On 23 June, Palestinian refugee Mahmoud Abu Rideh appeared at the Special Immigration Appeals Commission (SIAC) to appeal against his continued detention without trial under the Anti-Terrorism, Crime and Security Act 2001.
32-year-old Mahmoud was arrested in December 2001 soon after new ‘anti-terror’ legislation came into force in the UK, as a result of the September 11 attacks. He is accused of involvement with Osama bin Laden, Abu Hamza the ex-cleric of Finsbury Park mosque and fund-raising for Al Qaeda.
Mahmoud came to the UK in 1995 and was granted refugee status in 1997. The Home Office accepted Mahmoud’s claim that he had been a victim of torture while imprisoned in Israel. Mahmoud, who was initially held at Belmarsh high security prison, where he was locked up for 22 hours a day, has been on hunger strikes to protest at his continued detention and has a history of self-harm. In July 2002, he was transferred to Broadmoor high security psychiatric hospital, on the orders of home secretary David Blunkett, where he has remained since.
The hearing at the SIAC is being held in secret. A special advocate, who has been security-cleared by MI5 and MI6 and appointed by the Attorney General, is allowed to see the secret evidence that is used to justify continued detention. But the accused and his lawyers are not allowed to see this evidence.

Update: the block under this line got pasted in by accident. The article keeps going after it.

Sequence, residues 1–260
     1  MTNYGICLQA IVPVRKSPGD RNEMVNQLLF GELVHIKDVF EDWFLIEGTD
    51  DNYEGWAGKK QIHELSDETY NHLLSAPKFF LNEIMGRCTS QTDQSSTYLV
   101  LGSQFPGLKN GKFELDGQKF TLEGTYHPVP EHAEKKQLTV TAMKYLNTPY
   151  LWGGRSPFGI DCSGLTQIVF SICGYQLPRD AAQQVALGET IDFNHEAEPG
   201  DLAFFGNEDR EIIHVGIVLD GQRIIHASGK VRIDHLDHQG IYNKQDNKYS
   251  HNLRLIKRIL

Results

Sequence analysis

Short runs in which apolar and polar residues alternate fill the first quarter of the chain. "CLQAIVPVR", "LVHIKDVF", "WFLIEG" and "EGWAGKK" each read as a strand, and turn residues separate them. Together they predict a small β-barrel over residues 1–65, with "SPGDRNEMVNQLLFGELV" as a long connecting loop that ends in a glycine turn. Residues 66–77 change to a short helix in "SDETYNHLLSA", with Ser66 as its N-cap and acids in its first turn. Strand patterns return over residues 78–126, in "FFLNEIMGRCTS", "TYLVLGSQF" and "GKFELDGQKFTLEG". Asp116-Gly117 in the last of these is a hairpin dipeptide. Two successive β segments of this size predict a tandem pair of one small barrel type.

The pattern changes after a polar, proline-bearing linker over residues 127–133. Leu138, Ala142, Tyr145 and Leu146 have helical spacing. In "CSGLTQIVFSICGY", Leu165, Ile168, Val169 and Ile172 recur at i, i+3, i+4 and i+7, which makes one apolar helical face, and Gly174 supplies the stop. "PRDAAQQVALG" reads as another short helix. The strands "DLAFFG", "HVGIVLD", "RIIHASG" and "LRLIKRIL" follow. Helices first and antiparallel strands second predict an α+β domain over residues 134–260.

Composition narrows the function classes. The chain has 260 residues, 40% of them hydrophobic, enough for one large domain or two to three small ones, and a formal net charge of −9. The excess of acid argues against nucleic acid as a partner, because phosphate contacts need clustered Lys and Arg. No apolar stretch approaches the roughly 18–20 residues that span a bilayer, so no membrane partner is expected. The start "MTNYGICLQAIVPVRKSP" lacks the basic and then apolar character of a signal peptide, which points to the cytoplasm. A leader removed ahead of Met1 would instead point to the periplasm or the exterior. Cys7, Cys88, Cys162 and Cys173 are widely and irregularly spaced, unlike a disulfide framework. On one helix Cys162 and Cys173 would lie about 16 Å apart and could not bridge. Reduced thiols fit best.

An unidentified member of the security services has given evidence, allegedly, connecting Mahmoud to terrorism. This witness was cross-examined in closed hearings in front of a panel of three judges.
The hearing continues.
Fourteen other foreign nationals have also been arrested and detained without trial under the same legislation. Two men have ‘voluntarily’ left the UK; the others remain in detention, charged with no specific crimes but suspected of involvement with terrorism. All bail applications for the men have been refused.
In July 2002, their detention was ruled illegal by the SIAC because it discriminated against foreign nationals. However the government appealed against the decision and, in October 2002, the Court of Appeal ruled that the powers of detention were not discriminatory and that they complied with the European Convention on Human Rights.
Earlier this year, on 19 May, the SIAC began hearing the first appeals from the other men detained without trial under the legislation. They have all been accused of providing ‘critical assistance’ to terrorists. The appeals are expected to last several months.